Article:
HOOVER, Ala. — Of all coaches, Texas A&M’s Jimbo Fisher was mid-interview at the SEC Media Days podium when the potential bombshell was dropped.
The Houston Chronicle report that Big 12 members Texas and Oklahoma had reached out about joining the SEC obviously caught Fisher off guard.
“I bet they would,” Fisher said after hearing the news in the midst of more routine football questions. “We got the greatest league in ball.”
The Chronicle story by Brent Swerneman, quoting a “high-ranking official with knowledge of the situation,” said an annoucement could come in a couple of weeks.
Wednesday there were only a host of vague non-denials.
“I’m going to focus on the 2021 season,” SEC commissioner Greg Sankey repeated over and over again while wading through a throng of reporters.
He was making his way down his conference Media Days’ “radio row” when the news broke.
Both Texas and
Oklahoma released similar statements.
“The college athletics landscape is shifting constantly. We don’t address every anonymous rumor,” an OU release said.
Added the Texas version: “Speculation swirls around collegiate athletics. We will not address rumors or speculation.”
If it happens, it would make the SEC the first 16-team super conference.
But there would be numerous roadblocks, notably existing TV contracts that would have to be adjusted. Texas’ ESPN-based The Longhorn Network, for instance, would have to mesh with the the SEC Network, also part of ESPN. Plus, SEC bylaws require three-fourths of the existing conference members to approve any additions.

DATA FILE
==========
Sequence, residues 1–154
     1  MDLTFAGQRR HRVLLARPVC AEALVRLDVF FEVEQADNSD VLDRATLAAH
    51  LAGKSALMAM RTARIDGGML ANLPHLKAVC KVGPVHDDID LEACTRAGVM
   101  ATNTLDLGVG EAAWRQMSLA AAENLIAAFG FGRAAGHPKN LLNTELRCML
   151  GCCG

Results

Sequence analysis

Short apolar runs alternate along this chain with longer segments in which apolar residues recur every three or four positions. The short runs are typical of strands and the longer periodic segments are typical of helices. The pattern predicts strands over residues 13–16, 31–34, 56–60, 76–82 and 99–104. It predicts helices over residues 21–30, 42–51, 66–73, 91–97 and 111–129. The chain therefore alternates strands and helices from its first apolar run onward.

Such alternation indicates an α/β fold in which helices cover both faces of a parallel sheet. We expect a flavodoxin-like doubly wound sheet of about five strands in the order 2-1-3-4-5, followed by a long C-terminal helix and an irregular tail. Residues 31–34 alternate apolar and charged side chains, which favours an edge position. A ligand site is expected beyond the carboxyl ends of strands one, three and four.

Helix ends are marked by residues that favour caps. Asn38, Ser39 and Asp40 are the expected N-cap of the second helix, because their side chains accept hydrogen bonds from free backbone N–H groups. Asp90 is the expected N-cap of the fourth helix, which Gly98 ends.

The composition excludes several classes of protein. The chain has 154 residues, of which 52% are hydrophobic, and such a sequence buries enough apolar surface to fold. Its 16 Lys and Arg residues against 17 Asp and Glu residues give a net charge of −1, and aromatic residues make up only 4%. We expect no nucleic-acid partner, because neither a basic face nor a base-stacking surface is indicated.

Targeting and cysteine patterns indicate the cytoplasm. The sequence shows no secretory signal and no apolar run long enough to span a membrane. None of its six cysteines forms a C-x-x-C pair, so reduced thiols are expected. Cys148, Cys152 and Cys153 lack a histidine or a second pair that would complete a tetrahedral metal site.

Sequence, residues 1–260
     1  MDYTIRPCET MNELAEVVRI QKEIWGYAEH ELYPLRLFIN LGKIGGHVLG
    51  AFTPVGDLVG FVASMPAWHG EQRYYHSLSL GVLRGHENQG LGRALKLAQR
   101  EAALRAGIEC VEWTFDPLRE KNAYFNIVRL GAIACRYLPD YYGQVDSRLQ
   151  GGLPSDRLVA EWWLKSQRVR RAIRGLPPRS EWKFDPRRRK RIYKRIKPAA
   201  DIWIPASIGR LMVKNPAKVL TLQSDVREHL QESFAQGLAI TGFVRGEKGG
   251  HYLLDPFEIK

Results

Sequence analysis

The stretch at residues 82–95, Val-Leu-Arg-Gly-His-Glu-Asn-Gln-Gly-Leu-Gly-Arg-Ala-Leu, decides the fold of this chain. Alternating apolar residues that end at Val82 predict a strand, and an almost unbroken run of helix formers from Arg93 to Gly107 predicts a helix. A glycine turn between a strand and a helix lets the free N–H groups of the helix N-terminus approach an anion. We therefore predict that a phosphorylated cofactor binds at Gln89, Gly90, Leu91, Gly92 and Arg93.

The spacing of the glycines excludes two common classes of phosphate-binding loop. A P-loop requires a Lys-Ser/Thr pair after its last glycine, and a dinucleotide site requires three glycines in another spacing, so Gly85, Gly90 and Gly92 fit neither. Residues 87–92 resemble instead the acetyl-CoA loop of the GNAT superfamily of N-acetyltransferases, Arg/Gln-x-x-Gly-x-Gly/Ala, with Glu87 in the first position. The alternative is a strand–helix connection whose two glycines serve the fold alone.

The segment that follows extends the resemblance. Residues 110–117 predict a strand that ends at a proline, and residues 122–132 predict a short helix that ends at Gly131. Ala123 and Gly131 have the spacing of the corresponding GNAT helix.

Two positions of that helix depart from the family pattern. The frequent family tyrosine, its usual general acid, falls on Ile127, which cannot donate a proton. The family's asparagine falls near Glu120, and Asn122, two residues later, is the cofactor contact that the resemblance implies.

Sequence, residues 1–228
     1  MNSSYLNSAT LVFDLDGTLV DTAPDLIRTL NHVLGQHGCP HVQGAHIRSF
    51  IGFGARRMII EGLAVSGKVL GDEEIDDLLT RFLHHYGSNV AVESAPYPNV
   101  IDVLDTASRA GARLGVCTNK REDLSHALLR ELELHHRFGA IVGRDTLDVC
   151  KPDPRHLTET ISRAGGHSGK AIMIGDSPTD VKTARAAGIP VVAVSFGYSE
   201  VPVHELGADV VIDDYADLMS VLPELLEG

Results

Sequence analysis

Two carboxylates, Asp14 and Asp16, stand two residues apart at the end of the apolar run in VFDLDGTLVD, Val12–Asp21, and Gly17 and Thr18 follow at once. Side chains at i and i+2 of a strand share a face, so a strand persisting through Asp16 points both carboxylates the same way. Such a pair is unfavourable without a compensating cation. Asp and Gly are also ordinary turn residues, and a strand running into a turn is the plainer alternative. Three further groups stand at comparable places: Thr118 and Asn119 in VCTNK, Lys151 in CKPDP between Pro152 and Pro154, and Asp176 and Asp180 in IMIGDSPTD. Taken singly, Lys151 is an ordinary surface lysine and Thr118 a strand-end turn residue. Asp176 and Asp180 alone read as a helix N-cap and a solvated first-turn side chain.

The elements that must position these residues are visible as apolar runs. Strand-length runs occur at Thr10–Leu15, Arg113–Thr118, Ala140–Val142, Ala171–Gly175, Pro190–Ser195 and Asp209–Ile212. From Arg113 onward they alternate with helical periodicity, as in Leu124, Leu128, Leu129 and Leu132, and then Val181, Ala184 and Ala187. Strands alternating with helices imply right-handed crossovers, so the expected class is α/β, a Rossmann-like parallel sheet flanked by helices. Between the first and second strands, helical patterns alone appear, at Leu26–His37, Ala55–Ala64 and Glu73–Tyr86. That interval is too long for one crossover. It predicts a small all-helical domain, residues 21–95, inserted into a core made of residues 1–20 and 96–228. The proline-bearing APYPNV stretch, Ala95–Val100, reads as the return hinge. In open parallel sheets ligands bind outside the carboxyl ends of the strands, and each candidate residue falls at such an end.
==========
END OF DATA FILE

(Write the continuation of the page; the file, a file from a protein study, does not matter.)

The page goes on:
Texas and Oklahoma is not likely to get Texas A&M’s approval.
“That will be for somebody bigger than me to decide,” Fisher said later.
His boss surely won’t be for the expansion.
“There’s a reason why we left the Big 12,” Texas A&M athletic director Ross Bjork said told ESPN’s Paul Finebaum. “We wanted to have a stand-alone identity in Texas.
“We love being the only (SEC) program in the state of Texas. We’re going to maintain that position, but we’re also going to make sure that we’re a leader in college athletics and we’ll see what the future holds.”
The Aggies, longtime arch-rivals of Texas, left the Big 12 (along with Missouri) to join the SEC in 2011, playing their first football seasons in 2012.
Texas A&M was particularly annoyed when Texas and ESPN launched The Longhorn Network. During Big 12 Media Days of the time, A&M refused to let its players be interviewed by The Longhorn Network.
The two schools could also face opposition from within the Big 12.
A statement released by Oklahoma State read: “If true, we would be gravely disappointed. While we place a premium on history, loyalty, we will aggressively defend and advance what is best for Oklahoma State and our strong athletic program.”